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Dec. 21: Lazarus’ Second Funeral from “Christmas Jelly”

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Lazarus’ Second Funeral

I guess I’m only one who attended both of Boaz Lazurus’ funerals.

The second one was yesterday.

The first one was thirty-one years ago.

I remember the first funeral well. I was a young rabbi, only recently assigned to the Bethany synagogue. I’ll never forget the raw grief of his two sisters, Mary and Martha.

I had grown to love the Lazarus family and spent lots of time with them in the days leading up to his death. It was like being on a storm in the sea. Up one minute, down the next. The sisters had such hope that The Teacher would come and heal him.

Martha, the older of the sisters, stood at the edge of town for two days waiting for Jesus to arrive.

He didn’t come.

And Lazarus died.

Like the sisters, I questioned why the Teacher didn’t come when summoned. He’d supposedly healed the blind and lame. He could’ve healed his dear friend.

But Lazarus died.

I helped with the preparation, funeral, and burial.

I was gone for a week after his burial. First Jerusalem then Jericho. On my way home to Bethany, I began hearing strange stories as I encountered travelers.

Jesus had raised a man from the dead.

A man from Bethany.

The rumors used many names. Boaz was such a common name.

It couldn’t be him.

I had felt his cold body.

I had helped bury him.

Lazarus had died.

I hurried my pace as I neared Bethany, arriving late at night. The streets were empty. The Lazarus house was dark but I beat on the door.

Eventually, a lamp was lit.

Martha came to the door. “Rabbi, what is it?”

I hesitated. “Is it true what I’ve heard?”

“Come see for yourself.” She led me to the very room where Lazarus had died. A man was sleeping, snoring softly without a care in the world.

“Lazarus, you’ve got company.”

He rolled over, squinting at the lamplight, then sat up. “Hello, Rabbi.”

I trembled and couldn’t speak. It was like seeing a dead man. No, it was like seeing a live man who’d been dead.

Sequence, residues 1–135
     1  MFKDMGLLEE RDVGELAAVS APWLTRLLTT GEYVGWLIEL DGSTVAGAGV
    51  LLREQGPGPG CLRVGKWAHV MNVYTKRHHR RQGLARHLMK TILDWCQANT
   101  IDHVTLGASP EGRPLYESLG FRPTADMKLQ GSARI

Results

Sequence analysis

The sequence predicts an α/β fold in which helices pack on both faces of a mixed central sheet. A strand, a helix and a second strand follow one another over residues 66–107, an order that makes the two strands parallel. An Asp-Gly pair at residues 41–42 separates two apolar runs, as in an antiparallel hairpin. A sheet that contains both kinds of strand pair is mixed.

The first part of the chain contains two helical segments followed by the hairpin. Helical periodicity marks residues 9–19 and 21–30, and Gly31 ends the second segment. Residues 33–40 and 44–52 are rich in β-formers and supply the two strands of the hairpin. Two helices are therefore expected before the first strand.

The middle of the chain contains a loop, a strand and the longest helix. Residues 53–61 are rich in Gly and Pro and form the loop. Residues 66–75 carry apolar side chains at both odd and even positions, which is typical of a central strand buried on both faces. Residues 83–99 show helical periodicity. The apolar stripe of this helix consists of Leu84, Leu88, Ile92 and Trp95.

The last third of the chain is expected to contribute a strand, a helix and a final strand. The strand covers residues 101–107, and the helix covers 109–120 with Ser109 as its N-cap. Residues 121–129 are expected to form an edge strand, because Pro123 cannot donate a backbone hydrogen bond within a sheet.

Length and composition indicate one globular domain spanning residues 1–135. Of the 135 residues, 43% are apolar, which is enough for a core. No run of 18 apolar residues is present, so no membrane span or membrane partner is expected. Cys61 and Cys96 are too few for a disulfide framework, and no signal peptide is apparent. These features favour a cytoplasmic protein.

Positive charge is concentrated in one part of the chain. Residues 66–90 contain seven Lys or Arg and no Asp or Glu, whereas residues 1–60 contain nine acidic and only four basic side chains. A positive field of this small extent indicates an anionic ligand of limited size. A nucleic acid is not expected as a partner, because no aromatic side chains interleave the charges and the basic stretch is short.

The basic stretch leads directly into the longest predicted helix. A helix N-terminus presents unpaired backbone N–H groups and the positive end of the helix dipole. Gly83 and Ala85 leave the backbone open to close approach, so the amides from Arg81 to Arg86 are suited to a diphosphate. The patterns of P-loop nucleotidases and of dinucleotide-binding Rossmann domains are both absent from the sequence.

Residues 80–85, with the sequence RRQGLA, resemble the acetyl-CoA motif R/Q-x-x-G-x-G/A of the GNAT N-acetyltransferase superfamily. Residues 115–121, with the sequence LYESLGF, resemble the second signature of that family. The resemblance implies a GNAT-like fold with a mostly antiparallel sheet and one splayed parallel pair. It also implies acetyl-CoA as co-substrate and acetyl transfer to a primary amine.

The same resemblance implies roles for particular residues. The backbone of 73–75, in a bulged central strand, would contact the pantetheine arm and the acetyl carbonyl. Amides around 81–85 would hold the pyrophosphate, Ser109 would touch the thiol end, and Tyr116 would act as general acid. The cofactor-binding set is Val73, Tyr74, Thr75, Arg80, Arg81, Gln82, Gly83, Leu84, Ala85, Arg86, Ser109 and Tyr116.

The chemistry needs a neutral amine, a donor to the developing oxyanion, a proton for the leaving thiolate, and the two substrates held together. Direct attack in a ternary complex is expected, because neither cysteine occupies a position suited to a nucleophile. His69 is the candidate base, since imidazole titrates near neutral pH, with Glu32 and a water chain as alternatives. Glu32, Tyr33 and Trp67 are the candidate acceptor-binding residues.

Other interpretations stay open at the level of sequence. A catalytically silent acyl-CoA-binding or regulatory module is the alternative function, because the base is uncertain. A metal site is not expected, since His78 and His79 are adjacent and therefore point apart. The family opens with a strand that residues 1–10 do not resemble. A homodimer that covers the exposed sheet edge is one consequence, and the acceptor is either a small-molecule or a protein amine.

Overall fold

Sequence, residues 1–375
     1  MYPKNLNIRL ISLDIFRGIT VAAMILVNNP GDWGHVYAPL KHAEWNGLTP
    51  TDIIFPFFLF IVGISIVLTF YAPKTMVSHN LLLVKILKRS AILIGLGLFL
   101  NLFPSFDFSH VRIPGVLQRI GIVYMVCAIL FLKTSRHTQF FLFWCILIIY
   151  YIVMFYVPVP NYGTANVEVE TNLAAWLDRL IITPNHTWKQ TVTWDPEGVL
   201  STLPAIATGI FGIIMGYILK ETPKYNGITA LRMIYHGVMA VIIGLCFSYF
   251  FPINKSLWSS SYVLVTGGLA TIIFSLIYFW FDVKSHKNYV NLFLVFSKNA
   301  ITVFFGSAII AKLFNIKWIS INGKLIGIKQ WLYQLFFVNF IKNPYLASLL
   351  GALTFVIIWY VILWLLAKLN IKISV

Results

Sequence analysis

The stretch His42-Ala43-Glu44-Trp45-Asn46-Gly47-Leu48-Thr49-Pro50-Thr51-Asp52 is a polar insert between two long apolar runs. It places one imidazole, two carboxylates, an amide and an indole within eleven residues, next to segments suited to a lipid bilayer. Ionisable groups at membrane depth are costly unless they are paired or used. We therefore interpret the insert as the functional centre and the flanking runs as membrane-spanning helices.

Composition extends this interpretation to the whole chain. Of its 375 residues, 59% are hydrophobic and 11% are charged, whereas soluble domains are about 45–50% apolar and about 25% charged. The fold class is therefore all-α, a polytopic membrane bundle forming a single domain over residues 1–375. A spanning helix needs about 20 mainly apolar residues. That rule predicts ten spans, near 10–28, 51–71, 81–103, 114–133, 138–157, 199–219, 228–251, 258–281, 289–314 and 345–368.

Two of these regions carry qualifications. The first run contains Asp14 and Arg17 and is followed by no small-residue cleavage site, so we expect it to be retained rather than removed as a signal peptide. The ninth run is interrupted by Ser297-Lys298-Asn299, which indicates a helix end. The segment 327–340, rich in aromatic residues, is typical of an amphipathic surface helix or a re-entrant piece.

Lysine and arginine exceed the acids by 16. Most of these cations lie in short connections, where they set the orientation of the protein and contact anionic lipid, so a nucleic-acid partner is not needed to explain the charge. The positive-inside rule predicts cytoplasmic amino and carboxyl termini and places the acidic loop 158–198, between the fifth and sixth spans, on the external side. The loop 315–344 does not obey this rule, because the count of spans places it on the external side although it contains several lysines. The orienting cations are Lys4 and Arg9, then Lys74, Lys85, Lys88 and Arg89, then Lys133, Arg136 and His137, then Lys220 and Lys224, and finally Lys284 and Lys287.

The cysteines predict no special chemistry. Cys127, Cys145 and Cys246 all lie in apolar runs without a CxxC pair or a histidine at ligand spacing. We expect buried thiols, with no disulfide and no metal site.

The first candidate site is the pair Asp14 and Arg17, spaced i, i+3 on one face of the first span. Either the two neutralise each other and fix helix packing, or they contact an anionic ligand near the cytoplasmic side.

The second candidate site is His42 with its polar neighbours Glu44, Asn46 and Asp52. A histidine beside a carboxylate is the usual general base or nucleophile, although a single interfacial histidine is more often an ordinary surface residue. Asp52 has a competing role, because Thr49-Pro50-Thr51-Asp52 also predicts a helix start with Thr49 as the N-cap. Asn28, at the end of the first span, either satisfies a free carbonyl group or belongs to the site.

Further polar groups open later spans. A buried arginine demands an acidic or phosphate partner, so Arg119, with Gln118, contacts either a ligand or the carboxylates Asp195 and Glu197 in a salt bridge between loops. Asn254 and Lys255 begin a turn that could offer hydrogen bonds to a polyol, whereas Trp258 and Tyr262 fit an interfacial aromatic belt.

For the next thirty years I served as his rabbi. In spite of my prodding, he’d never reveal much about what he remembered between his death and resurrection. He’d only wink. “You wouldn’t believe me if I told you.”

The rumors persisted about him. The most popular was that Lazarus had only swooned and came out of the grave when he awoke.

Lazarus was dead. I know a dead man when I see one.

Over the years, I officiated at many funerals attended by Lazarus, including his sisters—first Mary, then Martha. He grieved along with everyone else but there was always a far away look in his eyes as if he knew something that made it all different.

Rumors swirled that Lazarus would never die. He shook them off. “Rabbi, I’m going to die soon but have no complaints. I had three decades of extra life.”

Finally, last week he took sick and knew the end was coming. I spent time with him on his last day. “Friend, do you think Jesus is coming to rescue you again?”

“Yes, but in a different way.”

I carefully broached a touchy subject. “Do you really believe Jesus is alive?”

“I know it.”

“But you never saw him alive like some of the others claimed?”

“I didn’t have to. He raised me. He had the power over death.” Lazarus weakly tried to sit up. “Rabbi, what do you believe?”

“I believe he raised you from the dead.”

“But do you believe He’s the Son of God?”

“I’m not sure.”

“What more proof could you need? Just believe.”

That was the last words he spoke to me. He laid back, closed his eyes, and died early the next morning.

His nephews told me just before he died, he opened his eyes, reaching skyward. “I can see Jesus coming to get me.”

Some may doubt it, but I don’t. A wise rabbi once told me, “Which is most crazy: a person who hears thunder and says it was God speaking to them, or one who hears God speak and says it is only thunder?”

I’ve learned not to doubt belief.

Lazarus died the day before the Sabbath, so we hurriedly prepared his body for burial. It was a strange funeral to say the least. There wasn’t much grief. It’s hard to grieve for a man who was given thirty extra years of life and seemed eager to step into whatever lay on the other side.

It was more than ironic that Lazarus died on what the local Christians are calling the birthday of Jesus. I’m skeptical if they’re very accurate about when he was actually born.

It’s what they’re beginning to call one of their two holy days.

The other one is the supposed day of his resurrection.

I doubt if their two holy days will ever be widely celebrated like our Jewish holidays or Roman ones, but the Christians sure observe them.

I can’t get Lazarus’ last two words out of my mind. Just believe.

I’m not sure I totally believe, but I do believe I’m closer.

It’s difficult not to believe in the word and faith of a man who had two funerals.

Mary loved quoting Jesus’ words on the morning of Lazarus’ resurrection.

I am the resurrection and the life.

He that believes in me.

I guess I’ll never get those words . . . or the story of Lazarus . . . out of my mind.

 

"Christmas Jelly" is a collection of short stories by Louisiana author Curt Iles. Learn more at http://www.creekbank.net
“Christmas Jelly” is a collection of short stories by Louisiana author Curt Iles. Learn more at http://www.creekbank.net

 


About Curt Iles

I write to have influence and impact through well-told stories of my Louisiana and African sojourn.

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